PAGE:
We recently came across this map, based on the 2010 census data, of the largest religious groups in each country of the U.S. A few things jumped out at us from the perspective of 2013.
A few observations:
- The Church of Jesus Christ of Latter-day Saints, aka the Mormon Church, seems to have heeded Mark Twain’s advice: “Buy land, they’re not making it anymore.” In November the Mormon Church bought 2% of Florida, which is not reflected on the map.
- The Bible Belt, comprised mostly of Southern Baptists, is in full display and informs the strong social conservative strain that runs through American politics.
- Catholics barely beat out the Southern Baptists for the highest number counties with the most adherents, and the reach is nationwide. It’s reminiscent of widespread support of the Notre Dame football team:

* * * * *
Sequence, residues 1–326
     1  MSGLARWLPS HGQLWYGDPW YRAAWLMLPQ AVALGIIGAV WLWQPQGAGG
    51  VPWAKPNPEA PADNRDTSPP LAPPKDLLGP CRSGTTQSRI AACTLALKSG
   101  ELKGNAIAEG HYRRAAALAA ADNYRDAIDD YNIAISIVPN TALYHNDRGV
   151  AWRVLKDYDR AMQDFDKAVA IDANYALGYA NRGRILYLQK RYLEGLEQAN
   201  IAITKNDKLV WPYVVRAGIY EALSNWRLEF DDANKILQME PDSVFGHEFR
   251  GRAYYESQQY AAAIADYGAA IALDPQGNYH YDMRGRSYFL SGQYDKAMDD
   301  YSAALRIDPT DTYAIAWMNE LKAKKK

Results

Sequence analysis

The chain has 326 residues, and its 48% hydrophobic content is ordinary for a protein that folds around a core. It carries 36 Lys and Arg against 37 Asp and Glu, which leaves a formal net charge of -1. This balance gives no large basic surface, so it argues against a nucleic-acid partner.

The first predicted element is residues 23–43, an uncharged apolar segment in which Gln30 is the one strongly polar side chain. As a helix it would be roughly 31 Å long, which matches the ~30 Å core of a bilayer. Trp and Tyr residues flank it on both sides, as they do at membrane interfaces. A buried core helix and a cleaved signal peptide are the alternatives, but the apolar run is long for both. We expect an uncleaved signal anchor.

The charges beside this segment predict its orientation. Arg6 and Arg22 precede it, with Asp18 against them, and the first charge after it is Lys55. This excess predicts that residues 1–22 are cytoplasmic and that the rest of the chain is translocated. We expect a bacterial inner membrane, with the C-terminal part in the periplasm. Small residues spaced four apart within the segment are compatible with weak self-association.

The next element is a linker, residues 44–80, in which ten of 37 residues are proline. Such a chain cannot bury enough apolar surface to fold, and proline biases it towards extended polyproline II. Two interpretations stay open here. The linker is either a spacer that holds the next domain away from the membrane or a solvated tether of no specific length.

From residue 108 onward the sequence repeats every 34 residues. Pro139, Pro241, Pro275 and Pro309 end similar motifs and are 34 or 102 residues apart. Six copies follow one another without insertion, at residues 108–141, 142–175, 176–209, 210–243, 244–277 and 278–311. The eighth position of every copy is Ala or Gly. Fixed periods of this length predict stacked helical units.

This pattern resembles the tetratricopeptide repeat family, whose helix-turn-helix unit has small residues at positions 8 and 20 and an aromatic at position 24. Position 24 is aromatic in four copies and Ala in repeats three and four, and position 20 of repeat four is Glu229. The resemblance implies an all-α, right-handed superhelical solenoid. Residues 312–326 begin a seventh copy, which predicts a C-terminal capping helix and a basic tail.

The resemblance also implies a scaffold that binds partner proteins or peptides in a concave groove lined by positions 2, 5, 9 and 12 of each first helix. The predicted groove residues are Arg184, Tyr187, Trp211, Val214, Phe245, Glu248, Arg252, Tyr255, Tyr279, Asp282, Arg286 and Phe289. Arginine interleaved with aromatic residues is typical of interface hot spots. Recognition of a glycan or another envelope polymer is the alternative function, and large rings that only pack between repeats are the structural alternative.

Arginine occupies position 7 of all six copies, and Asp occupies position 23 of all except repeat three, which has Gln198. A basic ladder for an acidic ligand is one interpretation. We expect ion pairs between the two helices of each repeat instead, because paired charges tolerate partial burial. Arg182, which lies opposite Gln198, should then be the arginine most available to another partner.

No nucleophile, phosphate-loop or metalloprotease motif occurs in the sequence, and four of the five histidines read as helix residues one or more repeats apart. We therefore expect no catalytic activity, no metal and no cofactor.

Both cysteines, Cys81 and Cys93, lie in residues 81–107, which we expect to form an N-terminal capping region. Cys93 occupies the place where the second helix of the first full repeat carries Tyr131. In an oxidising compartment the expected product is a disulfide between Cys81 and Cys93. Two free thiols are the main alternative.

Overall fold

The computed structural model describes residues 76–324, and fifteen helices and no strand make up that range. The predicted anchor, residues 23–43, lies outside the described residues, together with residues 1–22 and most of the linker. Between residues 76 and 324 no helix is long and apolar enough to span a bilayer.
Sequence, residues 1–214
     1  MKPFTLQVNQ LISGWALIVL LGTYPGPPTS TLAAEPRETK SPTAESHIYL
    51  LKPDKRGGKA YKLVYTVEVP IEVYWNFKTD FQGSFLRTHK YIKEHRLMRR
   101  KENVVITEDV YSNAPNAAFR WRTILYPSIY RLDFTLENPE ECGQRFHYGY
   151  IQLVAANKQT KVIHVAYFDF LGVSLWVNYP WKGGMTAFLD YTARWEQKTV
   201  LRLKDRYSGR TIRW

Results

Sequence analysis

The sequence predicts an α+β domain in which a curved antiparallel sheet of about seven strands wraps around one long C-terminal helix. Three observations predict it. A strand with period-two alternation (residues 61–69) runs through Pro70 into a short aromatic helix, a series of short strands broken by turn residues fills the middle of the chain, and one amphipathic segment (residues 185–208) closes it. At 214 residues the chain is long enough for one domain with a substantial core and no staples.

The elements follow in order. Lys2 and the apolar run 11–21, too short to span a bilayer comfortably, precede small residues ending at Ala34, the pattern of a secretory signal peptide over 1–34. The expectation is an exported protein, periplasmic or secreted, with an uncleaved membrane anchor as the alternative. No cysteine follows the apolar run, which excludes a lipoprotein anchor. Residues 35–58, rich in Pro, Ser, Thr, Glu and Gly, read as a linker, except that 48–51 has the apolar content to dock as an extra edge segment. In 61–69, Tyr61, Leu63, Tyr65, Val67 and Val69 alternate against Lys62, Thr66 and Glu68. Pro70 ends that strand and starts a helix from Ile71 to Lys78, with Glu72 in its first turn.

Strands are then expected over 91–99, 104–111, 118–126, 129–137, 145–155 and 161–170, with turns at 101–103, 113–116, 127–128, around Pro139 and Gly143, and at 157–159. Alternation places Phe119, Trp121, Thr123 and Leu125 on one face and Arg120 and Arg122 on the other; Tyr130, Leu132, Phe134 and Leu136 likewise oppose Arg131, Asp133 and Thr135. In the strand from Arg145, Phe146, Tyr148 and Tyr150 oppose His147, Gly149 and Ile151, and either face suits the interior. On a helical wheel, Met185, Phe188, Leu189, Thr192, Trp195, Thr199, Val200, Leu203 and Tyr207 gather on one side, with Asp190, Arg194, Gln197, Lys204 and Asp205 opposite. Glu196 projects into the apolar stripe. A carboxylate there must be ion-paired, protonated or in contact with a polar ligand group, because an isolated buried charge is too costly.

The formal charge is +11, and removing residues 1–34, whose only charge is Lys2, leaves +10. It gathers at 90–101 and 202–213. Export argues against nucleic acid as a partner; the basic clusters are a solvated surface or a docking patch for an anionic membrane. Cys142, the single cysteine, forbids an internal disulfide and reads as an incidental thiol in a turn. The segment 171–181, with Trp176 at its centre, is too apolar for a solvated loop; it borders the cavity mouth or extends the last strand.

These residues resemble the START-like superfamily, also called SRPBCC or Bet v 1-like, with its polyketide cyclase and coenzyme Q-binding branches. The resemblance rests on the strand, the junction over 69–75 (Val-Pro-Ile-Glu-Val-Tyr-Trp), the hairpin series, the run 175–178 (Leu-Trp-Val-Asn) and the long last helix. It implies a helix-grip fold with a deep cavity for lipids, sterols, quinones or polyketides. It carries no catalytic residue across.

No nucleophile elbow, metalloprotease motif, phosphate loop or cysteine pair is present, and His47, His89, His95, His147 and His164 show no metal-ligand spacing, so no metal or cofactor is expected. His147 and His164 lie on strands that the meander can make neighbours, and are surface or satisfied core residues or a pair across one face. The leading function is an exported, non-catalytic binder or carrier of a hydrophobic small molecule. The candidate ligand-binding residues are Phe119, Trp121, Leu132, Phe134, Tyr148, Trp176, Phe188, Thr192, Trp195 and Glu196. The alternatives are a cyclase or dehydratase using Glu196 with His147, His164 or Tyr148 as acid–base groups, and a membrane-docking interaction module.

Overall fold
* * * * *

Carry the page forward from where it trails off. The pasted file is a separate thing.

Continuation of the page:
“Millions of Catholics — whether Irish, Italian, German or Pole — lived vicariously through the wins and losses of Notre Dame’s football teams. For that vastly immigrant population Notre Dame football symbolized the triumphs of an ostracized people. It also reflected the ascendancy of U.S. Catholics into the nation’s mainstream.”
- Kansas, Illinois, Indiana, and West Virgina appear to have the most diversity when it comes to dominant religious groups. On the other side is Vermont and New Hampshire, which are considered the Godless states.
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